Half-million chickens in Nebraska to be killed after bird flu found in flock
LINCOLN, Neb. (KLKN) — A flock of 570,000 broiler chickens in Butler County will be killed after highly pathogenic avian influenza was found among them, according to the Nebraska Department of Agriculture.
“Having a second farm in Nebraska confirmed to have HPAI is unfortunate, but not completely unexpected,” State Agriculture Director Steve Wellman said in a press release. “NDA will use all the resources at our disposal, in coordination with our federal partners to manage a quick response.”
Dr. Roger Dudley, the state veterinarian, said the farm noticed that more chickens were dying than normal, quarantined the facility and contacted the Agriculture Department.
The birds will be humanely killed and disposed of, the department said.
In addition, producers within a 6.2-mile radius of the farm won’t be allowed to move birds or poultry products on or off their premises without permission from the department.
The virus spreads easily among birds through nasal and eye secretions, as well as manure. It can spread from flock to flock in various ways, including by wild birds, by equipment, and on the clothing and shoes of caretakers.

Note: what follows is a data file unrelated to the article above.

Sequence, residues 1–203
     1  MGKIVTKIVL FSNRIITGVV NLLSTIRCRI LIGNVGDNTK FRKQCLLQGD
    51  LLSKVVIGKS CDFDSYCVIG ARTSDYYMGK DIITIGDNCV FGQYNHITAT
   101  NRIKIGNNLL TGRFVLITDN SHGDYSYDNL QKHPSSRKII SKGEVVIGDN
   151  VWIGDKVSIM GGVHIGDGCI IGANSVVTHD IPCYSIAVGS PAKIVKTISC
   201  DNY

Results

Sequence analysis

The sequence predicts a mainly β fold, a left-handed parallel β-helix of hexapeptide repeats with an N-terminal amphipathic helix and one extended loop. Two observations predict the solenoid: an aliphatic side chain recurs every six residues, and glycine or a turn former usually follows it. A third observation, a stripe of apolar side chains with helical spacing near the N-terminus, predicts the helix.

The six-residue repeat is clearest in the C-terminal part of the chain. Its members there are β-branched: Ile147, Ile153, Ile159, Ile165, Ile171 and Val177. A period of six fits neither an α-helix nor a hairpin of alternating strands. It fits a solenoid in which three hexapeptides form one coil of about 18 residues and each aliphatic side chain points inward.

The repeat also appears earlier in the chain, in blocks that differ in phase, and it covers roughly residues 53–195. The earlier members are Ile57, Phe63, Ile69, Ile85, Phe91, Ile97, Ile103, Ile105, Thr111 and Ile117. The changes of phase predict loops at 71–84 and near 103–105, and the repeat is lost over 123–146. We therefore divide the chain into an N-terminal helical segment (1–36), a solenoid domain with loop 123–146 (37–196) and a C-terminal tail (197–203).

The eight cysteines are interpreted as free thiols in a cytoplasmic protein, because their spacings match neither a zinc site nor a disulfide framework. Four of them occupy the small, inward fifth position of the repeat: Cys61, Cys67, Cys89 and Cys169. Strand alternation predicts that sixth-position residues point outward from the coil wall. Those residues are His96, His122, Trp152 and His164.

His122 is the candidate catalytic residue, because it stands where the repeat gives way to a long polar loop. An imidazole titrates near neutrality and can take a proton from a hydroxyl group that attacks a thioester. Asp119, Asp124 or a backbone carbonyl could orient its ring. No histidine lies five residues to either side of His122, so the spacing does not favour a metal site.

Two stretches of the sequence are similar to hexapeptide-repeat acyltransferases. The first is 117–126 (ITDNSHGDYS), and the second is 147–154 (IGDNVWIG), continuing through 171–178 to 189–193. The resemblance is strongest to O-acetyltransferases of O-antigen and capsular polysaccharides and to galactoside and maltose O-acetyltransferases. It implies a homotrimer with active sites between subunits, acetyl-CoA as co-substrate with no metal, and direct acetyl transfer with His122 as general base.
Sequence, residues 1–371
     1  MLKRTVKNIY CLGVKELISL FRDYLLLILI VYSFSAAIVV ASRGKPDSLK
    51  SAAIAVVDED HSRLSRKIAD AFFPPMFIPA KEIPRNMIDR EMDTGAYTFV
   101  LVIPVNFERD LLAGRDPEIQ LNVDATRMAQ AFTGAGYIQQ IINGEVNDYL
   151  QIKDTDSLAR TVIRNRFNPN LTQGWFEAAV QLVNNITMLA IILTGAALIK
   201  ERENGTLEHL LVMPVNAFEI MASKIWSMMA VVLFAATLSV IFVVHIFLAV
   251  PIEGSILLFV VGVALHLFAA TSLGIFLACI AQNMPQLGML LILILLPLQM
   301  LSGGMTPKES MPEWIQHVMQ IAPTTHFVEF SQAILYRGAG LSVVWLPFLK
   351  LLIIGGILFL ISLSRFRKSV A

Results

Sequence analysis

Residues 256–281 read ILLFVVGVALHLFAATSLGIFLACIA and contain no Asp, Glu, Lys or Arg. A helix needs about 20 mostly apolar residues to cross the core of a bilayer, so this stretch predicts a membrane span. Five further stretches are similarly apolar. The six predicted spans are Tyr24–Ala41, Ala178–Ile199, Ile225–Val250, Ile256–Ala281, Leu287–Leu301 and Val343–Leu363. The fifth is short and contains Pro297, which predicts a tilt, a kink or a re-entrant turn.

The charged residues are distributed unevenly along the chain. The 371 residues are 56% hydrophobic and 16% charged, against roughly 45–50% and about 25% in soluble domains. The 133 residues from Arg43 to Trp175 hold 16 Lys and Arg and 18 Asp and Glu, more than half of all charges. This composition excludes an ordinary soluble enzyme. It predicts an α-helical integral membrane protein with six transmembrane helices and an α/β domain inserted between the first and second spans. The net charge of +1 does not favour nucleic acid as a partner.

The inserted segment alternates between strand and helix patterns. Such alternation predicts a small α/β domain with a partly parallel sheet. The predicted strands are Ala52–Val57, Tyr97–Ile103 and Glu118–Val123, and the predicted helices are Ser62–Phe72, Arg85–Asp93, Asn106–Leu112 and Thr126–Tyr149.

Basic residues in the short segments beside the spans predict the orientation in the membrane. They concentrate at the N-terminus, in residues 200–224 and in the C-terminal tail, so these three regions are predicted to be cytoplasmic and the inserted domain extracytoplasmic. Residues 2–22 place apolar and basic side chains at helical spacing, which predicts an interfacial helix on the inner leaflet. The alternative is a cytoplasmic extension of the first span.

Symptoms of the bird flu include a decrease in water consumption; loss of energy and appetite; decreased egg production or soft-shelled, misshapen eggs; nasal discharge; coughing; sneezing; incoordination; and diarrhea.
Birds can also die suddenly without showing symptoms.
READ MORE: Nebraska poultry farmers warned of bird flu
To prevent the flu from spreading, poultry producers are urged to restrict access to their property and to scrub their shoes and wash their hands before and after contact with their flock.
Poultry owners should report unusual bird deaths or sick birds to the State Agriculture Department at 402-471-2351 or to the U.S. Department of Agriculture at 866-536-7593.
The Centers for Disease Control and Prevention said the risk of people contracting the virus from birds is low. No human cases of bird flu have been detected in the U.S.